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Pundits have said that the crisis between Russia and the West over Ukraine is a symbol of a new Cold War. There's been much talk about old dividing lines: Russia has been accused of building a new Berlin Wall, Vladimir Putin has said he doesn't want another "Iron Curtain."
But did you know that those old Cold War boundaries are actually still dictating lives today?
Here's how. Straddling the border between the Czech Republic and Germany lies the largest protected wildlife zone in Central Europe. During the Cold War (when that border was between Communist Czechoslovakia and Capitalist West Germany), it was heavily fortified with electric fences.
Just as people were physically divided, a large herd of deer was split apart. A recent study of deer population used satellite tracking to follows the movements of 100 red deer, 50 in Germany and 50 in the Czech Republic. The fences have been gone for a quarter century and the land is open for migration, but researchers found the new generation of deer still respect the boundaries of the iron curtain.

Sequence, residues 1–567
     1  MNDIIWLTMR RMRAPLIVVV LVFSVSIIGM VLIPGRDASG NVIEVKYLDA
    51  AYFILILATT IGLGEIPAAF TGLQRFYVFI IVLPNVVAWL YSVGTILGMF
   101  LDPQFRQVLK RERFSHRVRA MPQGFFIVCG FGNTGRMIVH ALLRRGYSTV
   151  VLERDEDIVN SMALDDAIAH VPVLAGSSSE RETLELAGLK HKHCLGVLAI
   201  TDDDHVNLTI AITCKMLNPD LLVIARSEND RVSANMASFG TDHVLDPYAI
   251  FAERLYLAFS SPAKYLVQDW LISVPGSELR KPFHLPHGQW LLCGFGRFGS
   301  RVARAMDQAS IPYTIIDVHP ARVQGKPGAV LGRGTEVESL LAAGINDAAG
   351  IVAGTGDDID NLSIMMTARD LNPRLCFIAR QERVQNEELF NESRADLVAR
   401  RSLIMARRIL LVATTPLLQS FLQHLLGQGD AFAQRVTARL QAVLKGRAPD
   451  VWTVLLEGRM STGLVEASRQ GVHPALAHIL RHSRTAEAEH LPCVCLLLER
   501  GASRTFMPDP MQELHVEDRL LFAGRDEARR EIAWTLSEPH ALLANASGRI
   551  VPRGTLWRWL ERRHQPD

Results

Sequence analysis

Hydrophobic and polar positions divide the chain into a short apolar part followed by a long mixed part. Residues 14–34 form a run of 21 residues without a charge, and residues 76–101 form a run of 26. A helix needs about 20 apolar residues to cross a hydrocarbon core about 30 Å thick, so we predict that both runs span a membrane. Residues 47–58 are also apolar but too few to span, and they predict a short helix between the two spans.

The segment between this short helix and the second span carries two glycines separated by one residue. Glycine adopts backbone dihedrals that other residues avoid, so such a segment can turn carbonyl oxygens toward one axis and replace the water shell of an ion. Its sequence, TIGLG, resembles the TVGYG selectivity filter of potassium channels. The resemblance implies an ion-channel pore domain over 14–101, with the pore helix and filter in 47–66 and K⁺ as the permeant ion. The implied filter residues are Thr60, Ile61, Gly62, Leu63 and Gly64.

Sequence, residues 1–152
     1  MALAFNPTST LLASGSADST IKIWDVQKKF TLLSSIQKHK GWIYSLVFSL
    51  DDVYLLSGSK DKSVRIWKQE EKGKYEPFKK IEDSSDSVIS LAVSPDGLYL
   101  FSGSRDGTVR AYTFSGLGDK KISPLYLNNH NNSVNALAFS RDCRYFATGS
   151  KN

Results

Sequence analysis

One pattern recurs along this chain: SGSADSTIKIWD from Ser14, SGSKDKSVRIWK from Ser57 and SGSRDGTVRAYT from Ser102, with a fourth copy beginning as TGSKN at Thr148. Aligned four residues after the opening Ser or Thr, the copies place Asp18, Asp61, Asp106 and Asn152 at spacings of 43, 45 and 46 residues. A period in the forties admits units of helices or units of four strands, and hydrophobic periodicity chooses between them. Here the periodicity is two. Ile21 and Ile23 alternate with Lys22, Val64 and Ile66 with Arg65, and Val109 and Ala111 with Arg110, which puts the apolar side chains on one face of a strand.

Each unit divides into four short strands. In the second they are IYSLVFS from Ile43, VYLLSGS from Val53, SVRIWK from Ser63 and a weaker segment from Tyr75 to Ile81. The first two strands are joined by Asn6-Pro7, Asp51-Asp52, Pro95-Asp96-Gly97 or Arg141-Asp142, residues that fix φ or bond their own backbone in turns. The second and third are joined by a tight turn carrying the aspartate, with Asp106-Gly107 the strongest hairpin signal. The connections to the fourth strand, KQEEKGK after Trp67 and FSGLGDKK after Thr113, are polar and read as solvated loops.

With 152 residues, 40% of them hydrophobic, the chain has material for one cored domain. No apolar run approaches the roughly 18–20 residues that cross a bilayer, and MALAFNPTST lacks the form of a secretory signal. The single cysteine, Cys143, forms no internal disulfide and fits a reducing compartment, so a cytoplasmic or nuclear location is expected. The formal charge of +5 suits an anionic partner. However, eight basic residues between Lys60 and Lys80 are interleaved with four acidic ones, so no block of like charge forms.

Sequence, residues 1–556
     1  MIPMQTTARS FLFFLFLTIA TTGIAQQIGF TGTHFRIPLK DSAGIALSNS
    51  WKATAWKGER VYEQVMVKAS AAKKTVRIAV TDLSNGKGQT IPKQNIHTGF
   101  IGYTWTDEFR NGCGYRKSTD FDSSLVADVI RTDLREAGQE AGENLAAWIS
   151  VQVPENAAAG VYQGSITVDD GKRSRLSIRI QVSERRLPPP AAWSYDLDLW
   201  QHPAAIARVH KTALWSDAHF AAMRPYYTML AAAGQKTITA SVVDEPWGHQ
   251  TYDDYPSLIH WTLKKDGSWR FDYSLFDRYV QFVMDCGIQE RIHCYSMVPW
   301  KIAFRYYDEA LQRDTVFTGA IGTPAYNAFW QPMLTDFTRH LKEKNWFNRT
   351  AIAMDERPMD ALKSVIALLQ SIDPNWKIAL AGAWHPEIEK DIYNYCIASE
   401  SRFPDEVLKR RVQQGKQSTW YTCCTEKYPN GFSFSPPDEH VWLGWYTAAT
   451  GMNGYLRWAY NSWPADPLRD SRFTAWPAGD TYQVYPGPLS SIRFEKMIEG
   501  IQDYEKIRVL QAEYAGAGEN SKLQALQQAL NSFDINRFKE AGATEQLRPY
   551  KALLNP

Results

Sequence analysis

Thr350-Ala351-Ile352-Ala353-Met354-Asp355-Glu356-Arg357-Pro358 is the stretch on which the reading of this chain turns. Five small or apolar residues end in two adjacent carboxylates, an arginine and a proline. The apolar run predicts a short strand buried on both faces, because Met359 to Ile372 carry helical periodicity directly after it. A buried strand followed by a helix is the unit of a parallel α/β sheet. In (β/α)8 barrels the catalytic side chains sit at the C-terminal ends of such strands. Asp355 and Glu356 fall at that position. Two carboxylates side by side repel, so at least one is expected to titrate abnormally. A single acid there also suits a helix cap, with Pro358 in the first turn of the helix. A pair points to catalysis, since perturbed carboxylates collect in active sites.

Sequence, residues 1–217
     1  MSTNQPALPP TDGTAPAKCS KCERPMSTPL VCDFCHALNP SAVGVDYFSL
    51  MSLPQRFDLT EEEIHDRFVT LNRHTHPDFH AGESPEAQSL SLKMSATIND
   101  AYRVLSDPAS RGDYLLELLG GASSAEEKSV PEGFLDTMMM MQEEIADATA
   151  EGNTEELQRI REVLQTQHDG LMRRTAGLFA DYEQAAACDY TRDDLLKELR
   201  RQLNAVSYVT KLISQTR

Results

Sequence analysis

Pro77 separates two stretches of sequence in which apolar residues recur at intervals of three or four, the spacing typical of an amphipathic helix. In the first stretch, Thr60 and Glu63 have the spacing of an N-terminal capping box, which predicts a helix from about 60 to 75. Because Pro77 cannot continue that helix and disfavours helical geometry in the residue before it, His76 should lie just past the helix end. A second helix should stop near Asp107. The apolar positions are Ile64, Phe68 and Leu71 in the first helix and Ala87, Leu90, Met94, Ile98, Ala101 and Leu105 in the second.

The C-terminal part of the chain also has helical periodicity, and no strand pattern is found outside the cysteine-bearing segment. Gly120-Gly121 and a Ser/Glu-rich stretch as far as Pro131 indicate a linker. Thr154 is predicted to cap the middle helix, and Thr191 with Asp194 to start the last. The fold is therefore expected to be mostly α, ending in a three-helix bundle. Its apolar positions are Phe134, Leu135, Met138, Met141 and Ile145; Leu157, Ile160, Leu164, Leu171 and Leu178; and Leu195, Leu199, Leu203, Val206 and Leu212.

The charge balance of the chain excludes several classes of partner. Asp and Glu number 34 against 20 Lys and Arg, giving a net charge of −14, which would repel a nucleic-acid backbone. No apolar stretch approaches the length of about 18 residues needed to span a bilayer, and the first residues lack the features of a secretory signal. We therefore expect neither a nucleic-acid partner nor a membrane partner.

According to the scientist who led the project, biologically it would make sense for a mountain range to be the natural barrier between populations of deer – not this invisible fence. But mothers pass on to their young a sense of where it is safe to go. The electrified fence was a no-go, and these habits live on a generation later.
Perhaps the deer are teaching us all a lesson – it can take a lot longer to break down barriers than to put them up.